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Competitive Video Game StarCraft Finds Strong Following at Michigan State

Sam Tracy

StarCraft Has Been Long Popular in South Korea, but Now Is Spreading at the Collegiate Level

EAST LANSING, Mich. – Since the beginning of competitively played video games, South Korea has been the premier country for global success. It is home to champions in numerous e-sports, and until the most recent World Championships, South Korea had the last five League of Legends World Champions.

The most popular game in South Korea is StarCraft, a real-time strategy game that debuted in 1998. StarCraft also has a following at MSU, with the competitive club being successful on a national level.

Michigan State’s SC II team made the final 16 last year of the Collegiate Starleague, which is made up of universities in both the United States and Canada. MSU’s club members like the challenge of making real-time decisions against another opposing player. They can choose to play as one of three different character classes.

“The hardest thing about RTS games is the mechanics you need to play the game,” said John Estapa, a member of the board for the MSU SC II club and a player on their competitive team. “StarCraft is specifically one of the most challenging RTS games because of how fast paced it is.”

With StarCraft being a single player game, a team is just all possible members that could match-up against another school’s players. Players have a specific character class, and usually, don’t vary. In other e-sports, your role or character can vary from game to game, but in StarCraft, once you master a certain class you usually only play in that class of characters.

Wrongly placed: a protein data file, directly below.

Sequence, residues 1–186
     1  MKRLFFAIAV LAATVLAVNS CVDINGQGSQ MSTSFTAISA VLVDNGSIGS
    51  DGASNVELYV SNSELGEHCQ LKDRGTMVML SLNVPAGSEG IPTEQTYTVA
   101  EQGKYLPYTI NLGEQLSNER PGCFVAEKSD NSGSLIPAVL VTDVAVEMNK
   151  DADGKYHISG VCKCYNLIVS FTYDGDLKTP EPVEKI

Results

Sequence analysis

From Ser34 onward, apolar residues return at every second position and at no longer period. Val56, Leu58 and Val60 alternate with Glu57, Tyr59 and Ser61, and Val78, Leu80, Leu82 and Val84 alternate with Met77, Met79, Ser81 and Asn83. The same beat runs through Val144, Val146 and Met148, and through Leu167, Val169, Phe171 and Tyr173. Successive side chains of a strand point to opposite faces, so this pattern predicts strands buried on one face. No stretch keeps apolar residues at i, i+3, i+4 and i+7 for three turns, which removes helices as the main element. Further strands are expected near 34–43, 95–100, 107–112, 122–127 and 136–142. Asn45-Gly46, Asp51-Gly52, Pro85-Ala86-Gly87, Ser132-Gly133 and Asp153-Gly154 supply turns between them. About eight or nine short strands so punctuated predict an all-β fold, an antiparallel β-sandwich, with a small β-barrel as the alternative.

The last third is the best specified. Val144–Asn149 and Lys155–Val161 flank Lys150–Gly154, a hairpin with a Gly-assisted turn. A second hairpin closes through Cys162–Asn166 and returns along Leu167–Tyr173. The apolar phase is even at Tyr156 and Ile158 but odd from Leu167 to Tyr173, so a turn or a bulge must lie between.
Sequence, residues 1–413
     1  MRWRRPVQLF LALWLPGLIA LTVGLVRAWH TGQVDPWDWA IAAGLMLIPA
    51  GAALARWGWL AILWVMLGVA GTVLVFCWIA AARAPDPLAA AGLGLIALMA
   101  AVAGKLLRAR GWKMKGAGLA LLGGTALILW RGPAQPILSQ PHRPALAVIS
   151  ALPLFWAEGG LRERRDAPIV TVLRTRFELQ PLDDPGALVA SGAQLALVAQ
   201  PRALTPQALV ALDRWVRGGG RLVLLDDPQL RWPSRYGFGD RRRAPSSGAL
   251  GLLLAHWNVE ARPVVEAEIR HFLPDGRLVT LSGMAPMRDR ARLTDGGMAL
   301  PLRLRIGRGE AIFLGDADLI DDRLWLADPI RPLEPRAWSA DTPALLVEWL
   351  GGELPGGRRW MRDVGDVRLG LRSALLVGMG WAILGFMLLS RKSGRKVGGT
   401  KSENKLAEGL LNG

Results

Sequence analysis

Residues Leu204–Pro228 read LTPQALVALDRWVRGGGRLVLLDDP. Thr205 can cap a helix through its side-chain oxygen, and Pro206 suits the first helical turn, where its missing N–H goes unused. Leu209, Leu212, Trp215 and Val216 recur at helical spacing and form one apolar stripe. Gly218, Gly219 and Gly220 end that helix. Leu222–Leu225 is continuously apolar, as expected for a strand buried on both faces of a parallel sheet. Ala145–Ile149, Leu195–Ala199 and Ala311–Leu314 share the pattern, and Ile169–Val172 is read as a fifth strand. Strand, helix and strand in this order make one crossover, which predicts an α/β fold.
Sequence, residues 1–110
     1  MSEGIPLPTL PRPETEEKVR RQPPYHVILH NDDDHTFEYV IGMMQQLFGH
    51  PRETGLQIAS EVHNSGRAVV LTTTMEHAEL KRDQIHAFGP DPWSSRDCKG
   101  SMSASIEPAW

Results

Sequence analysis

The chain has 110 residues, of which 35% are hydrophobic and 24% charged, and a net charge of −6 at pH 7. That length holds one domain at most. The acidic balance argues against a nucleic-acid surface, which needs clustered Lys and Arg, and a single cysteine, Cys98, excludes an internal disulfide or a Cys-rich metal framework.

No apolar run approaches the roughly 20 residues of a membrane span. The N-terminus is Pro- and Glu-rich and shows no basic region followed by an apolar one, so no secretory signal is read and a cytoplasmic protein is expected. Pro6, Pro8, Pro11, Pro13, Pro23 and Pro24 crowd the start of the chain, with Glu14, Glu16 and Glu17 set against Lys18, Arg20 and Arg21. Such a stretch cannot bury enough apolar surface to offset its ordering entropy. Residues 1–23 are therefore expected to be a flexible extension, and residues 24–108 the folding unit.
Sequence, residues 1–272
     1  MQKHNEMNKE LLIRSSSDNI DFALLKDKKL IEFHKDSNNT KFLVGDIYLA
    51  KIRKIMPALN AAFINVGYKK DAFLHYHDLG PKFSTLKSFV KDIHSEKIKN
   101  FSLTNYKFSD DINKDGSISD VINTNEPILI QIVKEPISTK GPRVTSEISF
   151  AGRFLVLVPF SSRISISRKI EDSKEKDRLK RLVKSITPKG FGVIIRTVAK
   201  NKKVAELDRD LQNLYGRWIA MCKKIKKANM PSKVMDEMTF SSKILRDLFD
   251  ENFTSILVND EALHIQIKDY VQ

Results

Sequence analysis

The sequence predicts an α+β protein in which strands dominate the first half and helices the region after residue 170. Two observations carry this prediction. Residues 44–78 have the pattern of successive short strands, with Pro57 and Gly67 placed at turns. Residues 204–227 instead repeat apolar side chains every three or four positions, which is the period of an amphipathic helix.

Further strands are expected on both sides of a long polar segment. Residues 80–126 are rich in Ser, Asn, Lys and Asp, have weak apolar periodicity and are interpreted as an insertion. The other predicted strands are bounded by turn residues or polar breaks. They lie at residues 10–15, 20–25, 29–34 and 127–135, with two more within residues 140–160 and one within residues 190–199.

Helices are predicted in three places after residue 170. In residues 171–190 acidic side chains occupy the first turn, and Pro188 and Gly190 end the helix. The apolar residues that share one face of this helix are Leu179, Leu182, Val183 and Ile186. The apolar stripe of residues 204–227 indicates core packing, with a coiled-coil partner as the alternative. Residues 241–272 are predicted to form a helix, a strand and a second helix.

Since the game and its decisions all take place in real-time, multitasking is one of the most crucial skills to be successful in the game. It is also a game where the ability in a casual player is much lower than a professional’s. The amount of mechanical skill required to play the game at its highest level is much greater than most casual players will have.

In other words, StarCraft is an intense experience. The game’s influence is felt far from South Korea, as international interest is growing. The impact is felt all the way to MSU.

Credit Sam Tracy

“This year was the first time in the history of StarCraft that a foreigner (someone not from Korea) won the World Championship,” Estapa said. “That is something that has brought a lot of new people into the scene. On campus, we have had our largest membership increase since I started the club three years ago.”

Club member Sam Tracy sees the game translating well beyond Korea.

“There’s been a lot of growth in the foreigner scene recently due to foreigners catching up to the dominant Koreans,” said Tracy, who is the club’s public relations representative. “The viewership is up on Twitch as well for tournaments. Naturally, I think more people are willing to play.”

The Collegiate Starleague was founded in 2009 as a strictly StarCraft league but has added several other e-sports over the years. It is among the most prominent college-level StarCraft tournament in North America. The most consistently successful collegiate SC II team is Temple, twice runners-up (2015-16, 2016-17) before winning the tournament last year.

Credit Sam Tracy

This year, Michigan State’s competitive team is competing in a different league, put on by Tespa. The Spartans reached the playoffs and will play the University of Waterloo in the round of 16 on Dec. 8.

“CSL has a group format where you play teams from your own region, whereas Tespa you play against other colleges around your skill level no matter where they are from,” said Estapa. “We did CSL the last two years, so we thought we would try to change it up this year.”

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